Unrelenting downpours have plunged the city of Nakhon Ratchasima into a severe flooding crisis, compelling its inhabitants to hastily vacate their residences. This alarming situation has brought back chilling memories of the catastrophic deluge that swept the city in 1980. In response, Thai officials have heightened vigilance, with particular attention to Lam Takhong’s weather-beaten areas.
Chaiya Huay Hongs Thong, Khao Yai National Park’s chief, revealed that an intense depression storm has triggered consistent precipitation across the wooded expanses of the park. Despite the rainfall not being exceedingly heavy, its ceaseless persistence inundates the soil which, in turn, leads the water to spill into the Lam Takhong streams.
Consequently, water bodies have swelled dramatically in the Lam Takhong camping region, reaching an almost canal-overflowing magnitude before cascading down towards Orchid Cliff Waterfall and Huai Suwat Waterfall, and ultimately settling in Lam Takhong’s lower plains.
With a sense of urgency, Kana Chanchanom Sri Charoen, the Pak Chong District Officer, amalgamated efforts with Mu Si, Kanong Pra, and Nong Nam Daeng community heads to shift their possessions and cattle to safer territories. This preventive action was predicated on the potential that an incessant downpour might fuel an exponential rise in forest water levels.
With the situation growing precarious, the Mayor of Pak Chong, Komkrit Limpapanalert, is on the edge, keeping a close eye on potential flooding in the Lam Takhong canal. This canal encircles ten communities and carries the risk of a replay of the disastrous flooding that submerged Pak Chong’s city center back in October 2020.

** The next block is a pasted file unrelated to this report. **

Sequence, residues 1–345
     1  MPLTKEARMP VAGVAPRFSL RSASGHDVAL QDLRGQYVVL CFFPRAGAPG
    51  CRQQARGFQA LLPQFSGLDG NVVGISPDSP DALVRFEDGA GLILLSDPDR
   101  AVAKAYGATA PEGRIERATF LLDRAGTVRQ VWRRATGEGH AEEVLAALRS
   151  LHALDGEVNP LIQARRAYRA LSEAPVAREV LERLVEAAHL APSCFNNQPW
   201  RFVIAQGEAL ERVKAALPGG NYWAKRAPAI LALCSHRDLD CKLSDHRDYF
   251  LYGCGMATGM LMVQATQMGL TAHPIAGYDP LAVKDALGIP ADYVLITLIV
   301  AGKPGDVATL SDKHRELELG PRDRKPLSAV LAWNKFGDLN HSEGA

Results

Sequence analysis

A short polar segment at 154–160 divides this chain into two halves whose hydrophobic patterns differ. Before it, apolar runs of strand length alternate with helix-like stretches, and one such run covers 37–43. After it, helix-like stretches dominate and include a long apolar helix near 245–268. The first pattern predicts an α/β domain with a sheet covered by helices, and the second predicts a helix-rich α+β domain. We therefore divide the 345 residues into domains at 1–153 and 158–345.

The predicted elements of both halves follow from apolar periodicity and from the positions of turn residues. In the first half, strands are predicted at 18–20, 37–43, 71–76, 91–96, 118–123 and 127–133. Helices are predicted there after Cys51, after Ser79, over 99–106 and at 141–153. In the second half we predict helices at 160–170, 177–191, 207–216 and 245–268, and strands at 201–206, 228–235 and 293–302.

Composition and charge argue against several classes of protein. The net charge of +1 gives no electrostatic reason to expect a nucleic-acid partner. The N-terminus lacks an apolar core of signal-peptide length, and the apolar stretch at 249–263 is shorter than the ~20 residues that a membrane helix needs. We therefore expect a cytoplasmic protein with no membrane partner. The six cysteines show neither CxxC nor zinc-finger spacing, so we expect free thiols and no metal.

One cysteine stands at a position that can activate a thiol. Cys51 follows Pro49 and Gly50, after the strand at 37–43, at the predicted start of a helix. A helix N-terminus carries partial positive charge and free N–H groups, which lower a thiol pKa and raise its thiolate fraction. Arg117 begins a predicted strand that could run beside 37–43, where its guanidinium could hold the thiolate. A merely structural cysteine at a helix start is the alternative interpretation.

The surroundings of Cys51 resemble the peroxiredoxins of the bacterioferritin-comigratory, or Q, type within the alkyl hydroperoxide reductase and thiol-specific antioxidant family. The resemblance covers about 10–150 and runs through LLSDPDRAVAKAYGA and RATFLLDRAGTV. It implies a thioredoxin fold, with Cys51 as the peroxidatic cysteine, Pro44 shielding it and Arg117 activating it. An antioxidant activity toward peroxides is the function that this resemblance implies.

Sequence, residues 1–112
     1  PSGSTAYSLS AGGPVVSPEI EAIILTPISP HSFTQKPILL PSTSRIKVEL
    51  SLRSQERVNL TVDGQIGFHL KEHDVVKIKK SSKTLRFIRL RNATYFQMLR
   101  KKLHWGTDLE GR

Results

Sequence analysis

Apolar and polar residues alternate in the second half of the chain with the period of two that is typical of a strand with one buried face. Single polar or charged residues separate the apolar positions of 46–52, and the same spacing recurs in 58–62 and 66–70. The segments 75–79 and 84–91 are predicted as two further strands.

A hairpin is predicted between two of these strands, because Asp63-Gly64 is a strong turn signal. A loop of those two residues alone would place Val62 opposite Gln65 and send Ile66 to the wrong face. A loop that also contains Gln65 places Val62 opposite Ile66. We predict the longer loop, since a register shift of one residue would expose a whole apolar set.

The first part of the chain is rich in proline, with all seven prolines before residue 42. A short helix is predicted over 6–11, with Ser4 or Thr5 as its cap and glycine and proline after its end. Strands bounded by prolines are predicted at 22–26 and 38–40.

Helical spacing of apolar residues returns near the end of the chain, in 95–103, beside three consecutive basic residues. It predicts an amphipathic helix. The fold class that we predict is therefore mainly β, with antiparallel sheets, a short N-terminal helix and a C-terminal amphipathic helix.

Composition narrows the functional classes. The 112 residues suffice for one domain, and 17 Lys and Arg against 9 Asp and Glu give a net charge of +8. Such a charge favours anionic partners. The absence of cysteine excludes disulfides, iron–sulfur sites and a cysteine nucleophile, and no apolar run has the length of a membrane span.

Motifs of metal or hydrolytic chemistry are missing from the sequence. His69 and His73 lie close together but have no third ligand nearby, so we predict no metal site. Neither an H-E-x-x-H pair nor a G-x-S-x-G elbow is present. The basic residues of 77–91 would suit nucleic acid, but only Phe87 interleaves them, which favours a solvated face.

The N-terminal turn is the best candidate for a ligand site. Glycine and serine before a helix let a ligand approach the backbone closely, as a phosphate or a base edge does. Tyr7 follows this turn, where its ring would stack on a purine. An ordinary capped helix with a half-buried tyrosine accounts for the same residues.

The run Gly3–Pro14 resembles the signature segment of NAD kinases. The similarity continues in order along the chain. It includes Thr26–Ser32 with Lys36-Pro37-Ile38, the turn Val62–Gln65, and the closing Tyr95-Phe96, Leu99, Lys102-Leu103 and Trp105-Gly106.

The formidable flooding in Nakhon Ratchasima compelled locals to hurriedly move out their belongings / KhaoSod. Leading the rescue initiatives, Sommai Mi Chantuek, Mu Si’s village head, marshaled fellow villagers and their tractors to evacuate assets from over 20 households. Homes in the lower corners of Lam Takhong were flooded with water rising over 50 centimeters, even reaching a staggering one meter in certain areas. It is anticipated that by the midday, the forest water will seep into the Pak Chong district and eventually barrel its way toward the Lam Takhong Dam.
Anticipating a further escalation of flooding in Nakhon Ratchasima, the National Park, Wildlife and Plant Conservation Department enforced a stern watch on the Lam Takhong region, an attempt to ward off another catastrophic deluge akin to the 1980 incident.
The residents of Mu Si are in a mad scramble to safeguard their belongings against the rising water levels. Nakhon Ratchasima is enduring a brutal storm, which has made the forest water brim over, submerging roads, bridges, and residences in floodwaters. The water level has shot up to a meter, making roads impassable for all forms of vehicular transport around Mu Si Temple as reported by KhaoSod.
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